Disney’s live-action version of its animated classic doesn’t make enough of a splash.

The Little Mermaid

Source: © 2023 Disney Enterprises, Inc

‘The Little Mermaid’

Dir: Rob Marshall. US. 2023. 135mins

Disney continues its deep dive through its own back catalogue with another live-action remake of an animated classic which, like most of those earlier retreads, struggles to stand apart from the original. While this story of a mermaid who gives up her enchanted life to follow her heart onto the land has been given the full cutting-edge CGI treatment, the slow pacing, often-overwrought emotion and undeniably outdated story mean that it fails to make much of a splash.

Fails to shake off its outdated story origins

That is unlikely to scupper its chances, however. Disney live-action remakes have a history of box office success — 2021’s Cruella, for example, took over £233m at the global box office. Unlike David Lowery’s recent Peter Pan & Wendy, which went straight onto streaming, Disney will roll out The Little Mermaid in an exclusive theatrical window from May 26 — holiday weekends in both the US and UK could help it reach its lofty box office estimates. Early tracking hints that it could take around $110m in the US over its opening weekend alone; almost the same as the original 1989 animation’s domestic haul.

Sticking closely to that film  — which itself was inspired by Hans Christian Anderson’s 1837 story — director Rob Marshall and screenwriter David Magee do not attempt to bring anything particularly new to this aquatic adventure. They have ramped up the tension between curious 16-year-old mermaid Ariel (Halle Bailey) and her father Titan (an underused Javier Bardem), who insists that his strong-willed daughter need to stay safe beneath the waves, despite her desire to experience life on land. An attempt, perhaps, to put the emphasis more on a young girl seeking independence, rather than one who gives up everything for a man she barely knows. 

While Titan has a formidable power, he cannot compete with Ariel’s curiosity — nor her feelings for Prince Eric (Jonah Hauer-King) with whom she falls immediately in love when she sees him aboard his ship. When Eric is thrown overboard and nearly drowns, Ariel brings him back from the brink of death with her siren song.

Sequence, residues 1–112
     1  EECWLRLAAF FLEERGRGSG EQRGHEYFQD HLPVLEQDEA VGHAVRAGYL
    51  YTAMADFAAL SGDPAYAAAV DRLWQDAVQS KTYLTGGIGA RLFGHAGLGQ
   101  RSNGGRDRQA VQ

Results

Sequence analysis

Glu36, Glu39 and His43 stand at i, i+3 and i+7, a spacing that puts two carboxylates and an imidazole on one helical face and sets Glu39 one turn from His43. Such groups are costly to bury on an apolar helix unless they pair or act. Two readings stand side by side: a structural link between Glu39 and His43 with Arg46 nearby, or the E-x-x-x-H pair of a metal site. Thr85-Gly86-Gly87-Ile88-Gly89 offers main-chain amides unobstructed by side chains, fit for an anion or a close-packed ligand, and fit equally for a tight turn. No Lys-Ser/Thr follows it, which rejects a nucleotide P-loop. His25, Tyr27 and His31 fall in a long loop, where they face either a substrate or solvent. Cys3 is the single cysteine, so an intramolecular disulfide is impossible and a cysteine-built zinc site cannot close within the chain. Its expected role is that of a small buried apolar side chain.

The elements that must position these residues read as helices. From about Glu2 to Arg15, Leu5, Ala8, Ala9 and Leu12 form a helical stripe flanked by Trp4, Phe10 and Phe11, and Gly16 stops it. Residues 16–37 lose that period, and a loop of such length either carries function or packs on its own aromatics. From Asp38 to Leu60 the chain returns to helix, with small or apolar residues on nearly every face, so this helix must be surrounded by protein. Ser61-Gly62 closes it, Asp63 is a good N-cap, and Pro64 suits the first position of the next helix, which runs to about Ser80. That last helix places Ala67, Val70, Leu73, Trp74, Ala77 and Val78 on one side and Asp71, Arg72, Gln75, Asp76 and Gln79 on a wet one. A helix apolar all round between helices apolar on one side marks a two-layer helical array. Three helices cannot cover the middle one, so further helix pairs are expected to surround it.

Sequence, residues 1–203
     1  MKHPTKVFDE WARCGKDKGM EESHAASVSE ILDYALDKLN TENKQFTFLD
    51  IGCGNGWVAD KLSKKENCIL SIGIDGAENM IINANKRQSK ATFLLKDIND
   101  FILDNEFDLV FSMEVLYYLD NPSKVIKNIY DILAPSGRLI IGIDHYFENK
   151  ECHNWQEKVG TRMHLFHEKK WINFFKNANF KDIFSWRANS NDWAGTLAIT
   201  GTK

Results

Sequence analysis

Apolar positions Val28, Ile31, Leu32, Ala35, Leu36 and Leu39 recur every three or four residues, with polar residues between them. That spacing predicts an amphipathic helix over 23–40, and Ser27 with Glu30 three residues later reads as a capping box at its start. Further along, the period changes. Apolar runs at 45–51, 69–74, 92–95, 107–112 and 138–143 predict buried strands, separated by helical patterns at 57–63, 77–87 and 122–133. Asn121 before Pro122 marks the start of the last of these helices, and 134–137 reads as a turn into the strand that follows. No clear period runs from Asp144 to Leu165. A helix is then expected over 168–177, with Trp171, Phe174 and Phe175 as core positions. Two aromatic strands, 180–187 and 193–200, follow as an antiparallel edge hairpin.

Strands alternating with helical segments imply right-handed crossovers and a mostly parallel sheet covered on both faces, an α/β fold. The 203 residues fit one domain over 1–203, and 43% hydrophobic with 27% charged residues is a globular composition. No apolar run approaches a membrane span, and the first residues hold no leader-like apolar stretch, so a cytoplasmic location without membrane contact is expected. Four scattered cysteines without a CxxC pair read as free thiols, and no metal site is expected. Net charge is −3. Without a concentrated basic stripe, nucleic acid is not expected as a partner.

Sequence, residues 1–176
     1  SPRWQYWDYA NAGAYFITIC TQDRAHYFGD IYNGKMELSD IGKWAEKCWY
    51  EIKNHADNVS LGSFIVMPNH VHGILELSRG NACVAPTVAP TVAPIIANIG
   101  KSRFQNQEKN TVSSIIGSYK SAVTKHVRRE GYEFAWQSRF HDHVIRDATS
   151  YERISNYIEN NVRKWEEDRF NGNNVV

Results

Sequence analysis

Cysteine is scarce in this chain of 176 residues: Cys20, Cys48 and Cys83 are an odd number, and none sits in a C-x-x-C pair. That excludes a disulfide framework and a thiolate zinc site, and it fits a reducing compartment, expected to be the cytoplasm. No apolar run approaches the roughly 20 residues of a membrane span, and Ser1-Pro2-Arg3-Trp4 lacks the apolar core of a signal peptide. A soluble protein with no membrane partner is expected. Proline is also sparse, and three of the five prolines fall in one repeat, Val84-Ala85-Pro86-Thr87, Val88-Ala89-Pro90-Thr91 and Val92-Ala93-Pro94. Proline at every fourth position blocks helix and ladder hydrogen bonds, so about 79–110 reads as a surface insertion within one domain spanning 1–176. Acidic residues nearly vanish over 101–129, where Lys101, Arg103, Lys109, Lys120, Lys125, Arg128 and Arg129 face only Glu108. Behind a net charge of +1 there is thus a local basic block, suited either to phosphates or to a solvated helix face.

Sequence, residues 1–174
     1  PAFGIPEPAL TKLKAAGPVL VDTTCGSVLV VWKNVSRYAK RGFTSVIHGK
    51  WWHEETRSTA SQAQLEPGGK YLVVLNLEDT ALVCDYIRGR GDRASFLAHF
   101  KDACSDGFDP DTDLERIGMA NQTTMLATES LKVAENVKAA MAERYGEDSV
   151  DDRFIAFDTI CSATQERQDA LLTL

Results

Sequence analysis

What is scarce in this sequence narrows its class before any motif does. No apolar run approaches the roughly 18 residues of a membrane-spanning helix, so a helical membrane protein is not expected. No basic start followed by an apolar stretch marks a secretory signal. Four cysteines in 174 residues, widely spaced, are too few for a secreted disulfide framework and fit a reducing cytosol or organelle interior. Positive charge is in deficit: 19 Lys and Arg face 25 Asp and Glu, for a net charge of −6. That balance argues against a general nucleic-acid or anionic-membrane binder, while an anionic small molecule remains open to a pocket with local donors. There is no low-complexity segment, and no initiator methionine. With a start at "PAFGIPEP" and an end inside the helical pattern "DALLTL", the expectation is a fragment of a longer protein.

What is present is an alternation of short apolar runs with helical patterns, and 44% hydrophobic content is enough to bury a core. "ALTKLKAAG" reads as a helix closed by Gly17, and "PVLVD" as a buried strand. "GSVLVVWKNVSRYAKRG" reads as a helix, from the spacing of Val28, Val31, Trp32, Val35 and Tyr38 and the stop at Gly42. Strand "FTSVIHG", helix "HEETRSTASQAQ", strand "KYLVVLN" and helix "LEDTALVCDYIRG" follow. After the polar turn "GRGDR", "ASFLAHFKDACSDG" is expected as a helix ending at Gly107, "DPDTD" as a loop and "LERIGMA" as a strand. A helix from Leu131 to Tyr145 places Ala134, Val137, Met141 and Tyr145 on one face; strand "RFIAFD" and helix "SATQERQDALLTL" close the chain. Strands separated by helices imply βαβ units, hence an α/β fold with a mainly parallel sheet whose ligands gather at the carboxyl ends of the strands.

A recovered Eric is desperate to find his saviour, and this rough-and-ready royal is given more do than in the first film – including his own new song, ‘Wild Uncharted Waters’ (written by the original film’s composer Alan Menken and producer-lyricist Lin-Manuel Miranda). Hauer-King delivers this with gusto, but it hits notes of soapy cheese rather than emotional longing. (Other musical updates include changing some of the more problematic lyrics to songs like ‘Kiss The Girl’, removing any suggestion that Eric should launch himself at Ariel without her consent.) Eric’s obsession with finding Ariel goes against the wishes of his concerned mother, and a new character, Queen Selina (Noma Dumezweni). Dumezweni brings gravitas to the small role, digging into real-world concerns about setting children free, but this superfluous padding of Eric’s backstory does account for much of the film’s overlong running time.

For her part, Ariel makes a pact with her aunt, sea witch Ursula (played with nefarious glee by Melissa McCarthy, who, despite being lumbered with swathes of expositionary dialogue, leans into the high-camp evil of previous Disney villains). Ariel loses her tail and her voice in return for some legs, and steps out of the waves to pursue a connection with Eric. The catch is that they have to share a ‘true love’s kiss’ (something Disney has long imbued with magical life-changing powers) within three days, otherwise Ariel will be returned to Ursula’s clutches. She is helped by crab Sebastian (voiced by Hamilton star Daveed Diggs) and scatty gannet Scuttle (Awkwafina), who are the film’s best characters, bringing some acerbic wit and much needed levity. 

Several years in the making — original shoot dates were delayed by Covid-19, and it eventually filmed in Sardinia and on Pinewood sets —The Little Mermaid is an astonishing technical achievement. A combination of cutting edge underwater camera technology and digital effects work (by a host of VFX houses including Industrial Light & Magic and WETA) plumb the beauty of the ocean depths and there are several standout moments.

One, of course, is the huge step the film takes towards redressing Disney’s poor history of diverse representation, and the fact that Black actress Bailey is stepping — or swimming — so charmingly into the lead. There can be no doubt as to the value that has in itself, and to the the intended young audience, and that is the raison d’etre for a film which otherwise fails to shake off its outdated story. 

Production companies: Walt Disney Pictures, Lucamar Productions, Marc Platt Productions

Worldwide distribution: Walt Disney

Producers: John DeLuca, Rob Marshall, Lin-Manuel Miranda, Marc Platt

Screenplay: David Magee, based on the story by Hans Christian Anderson and the animation written by Ron Clements and John Muster

Cinematography: Dion Beebe

Production design: John Myhre

Editing: Wyatt Smith

Music: Alan Menken

Main cast: Halle Bailey, Jonah Hauer-King, Melissa McCarthy, Javier Bardem, Noma Dumezweni, Jessica Alexander, Awkwafina, Daveed Diggs, Jacob Tremblay